The research community is increasingly recognizing video as more than just a medium to disseminate scientific findings after a study’s conclusion. A powerful tool, film can engage study participants and become an integral part of the scientific process, when deployed thoughtfully.
To guide this emerging practice, University of Pittsburgh Graduate School of Public Health scientists performed the first review of studies on use of film in public health research, reporting their findings in the journal Qualitative Health Research.
“Film can add a powerful dimension to public health research with its ability to capture nuance in opinions, emotions and spaces that often are beyond the scope of more traditional methods, such as multiple-choice surveys,” said lead author Dr. Sara Baumann, postdoctoral researcher at Pitt Public Health. “But our review also raises some important ethical and logistical challenges that must be considered.”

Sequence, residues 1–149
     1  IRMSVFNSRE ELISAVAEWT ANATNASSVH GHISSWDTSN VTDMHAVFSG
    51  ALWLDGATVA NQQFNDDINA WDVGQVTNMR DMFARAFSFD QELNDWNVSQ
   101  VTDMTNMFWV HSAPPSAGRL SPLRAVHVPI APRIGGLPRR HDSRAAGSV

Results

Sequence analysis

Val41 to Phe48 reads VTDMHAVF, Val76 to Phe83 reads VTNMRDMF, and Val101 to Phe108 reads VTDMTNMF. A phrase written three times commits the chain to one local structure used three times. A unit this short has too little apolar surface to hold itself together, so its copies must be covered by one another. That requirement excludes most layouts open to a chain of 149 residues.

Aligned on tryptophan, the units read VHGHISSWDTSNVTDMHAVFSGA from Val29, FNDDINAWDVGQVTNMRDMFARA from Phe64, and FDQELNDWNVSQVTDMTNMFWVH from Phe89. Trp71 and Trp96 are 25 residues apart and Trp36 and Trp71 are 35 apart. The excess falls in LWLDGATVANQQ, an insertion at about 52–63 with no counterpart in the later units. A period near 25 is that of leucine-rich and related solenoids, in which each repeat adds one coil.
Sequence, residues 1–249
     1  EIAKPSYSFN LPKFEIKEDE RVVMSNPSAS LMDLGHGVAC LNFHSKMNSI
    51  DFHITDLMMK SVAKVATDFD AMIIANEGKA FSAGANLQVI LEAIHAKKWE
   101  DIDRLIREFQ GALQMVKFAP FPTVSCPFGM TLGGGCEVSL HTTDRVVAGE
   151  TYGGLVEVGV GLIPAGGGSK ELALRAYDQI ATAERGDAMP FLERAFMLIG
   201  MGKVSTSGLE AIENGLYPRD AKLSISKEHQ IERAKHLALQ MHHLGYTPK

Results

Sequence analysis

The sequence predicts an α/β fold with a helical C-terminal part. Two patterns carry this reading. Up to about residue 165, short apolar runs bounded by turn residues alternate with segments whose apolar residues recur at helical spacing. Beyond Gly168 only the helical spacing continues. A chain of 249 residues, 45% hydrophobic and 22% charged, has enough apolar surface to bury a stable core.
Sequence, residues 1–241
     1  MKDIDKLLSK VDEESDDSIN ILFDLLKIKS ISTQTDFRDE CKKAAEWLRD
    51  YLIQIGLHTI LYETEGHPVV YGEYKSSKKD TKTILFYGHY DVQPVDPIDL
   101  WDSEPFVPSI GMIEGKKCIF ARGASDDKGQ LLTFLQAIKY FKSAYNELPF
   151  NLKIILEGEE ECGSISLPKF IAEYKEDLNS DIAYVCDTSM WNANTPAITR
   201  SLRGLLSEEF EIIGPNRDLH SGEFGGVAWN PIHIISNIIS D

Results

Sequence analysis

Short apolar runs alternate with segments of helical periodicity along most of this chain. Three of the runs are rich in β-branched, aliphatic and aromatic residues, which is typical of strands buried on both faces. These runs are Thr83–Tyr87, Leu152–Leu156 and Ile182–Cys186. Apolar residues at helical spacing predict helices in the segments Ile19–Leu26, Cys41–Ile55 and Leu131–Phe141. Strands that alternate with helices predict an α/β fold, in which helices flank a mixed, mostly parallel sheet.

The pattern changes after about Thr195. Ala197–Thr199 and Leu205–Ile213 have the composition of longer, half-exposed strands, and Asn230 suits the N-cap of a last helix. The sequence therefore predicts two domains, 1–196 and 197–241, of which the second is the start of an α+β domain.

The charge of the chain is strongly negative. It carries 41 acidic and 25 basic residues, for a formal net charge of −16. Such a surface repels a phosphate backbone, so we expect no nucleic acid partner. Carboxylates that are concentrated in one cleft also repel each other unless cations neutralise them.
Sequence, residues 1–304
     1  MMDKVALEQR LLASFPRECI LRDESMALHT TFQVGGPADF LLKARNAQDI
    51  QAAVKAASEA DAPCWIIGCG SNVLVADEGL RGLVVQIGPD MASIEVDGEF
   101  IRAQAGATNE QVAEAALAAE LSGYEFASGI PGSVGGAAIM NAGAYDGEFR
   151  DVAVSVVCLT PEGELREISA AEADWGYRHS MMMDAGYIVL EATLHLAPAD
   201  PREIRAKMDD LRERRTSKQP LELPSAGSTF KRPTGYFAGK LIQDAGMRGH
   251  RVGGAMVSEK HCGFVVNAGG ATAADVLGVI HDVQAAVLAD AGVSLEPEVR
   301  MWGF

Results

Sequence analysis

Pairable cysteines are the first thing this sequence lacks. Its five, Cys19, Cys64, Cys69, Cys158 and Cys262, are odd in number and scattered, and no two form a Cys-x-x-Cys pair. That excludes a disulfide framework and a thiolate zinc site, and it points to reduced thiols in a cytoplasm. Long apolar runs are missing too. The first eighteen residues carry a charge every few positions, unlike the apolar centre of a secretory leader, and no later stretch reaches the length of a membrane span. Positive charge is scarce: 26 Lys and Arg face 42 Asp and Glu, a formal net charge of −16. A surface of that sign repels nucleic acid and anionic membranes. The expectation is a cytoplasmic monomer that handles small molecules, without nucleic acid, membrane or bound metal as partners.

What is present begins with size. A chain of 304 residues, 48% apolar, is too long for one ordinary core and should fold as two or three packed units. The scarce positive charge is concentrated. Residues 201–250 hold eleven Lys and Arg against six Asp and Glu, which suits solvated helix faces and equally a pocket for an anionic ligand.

Dr. Baumann and senior author Dr. Jessica Burke, professor and associate chair of Pitt Public Health’s Department of Behavioral and Community Health Sciences, have been using video in their research for several years, through a method they developed called “collaborative filmmaking.” Their technique uses filmmaking to engage participants throughout all stages of the research process.
To learn more about the use of film in public health research, the authors identified 20 peer-reviewed public health studies incorporating the use of film that described opportunities and challenges.Friday Letter Submission, Publish on October 04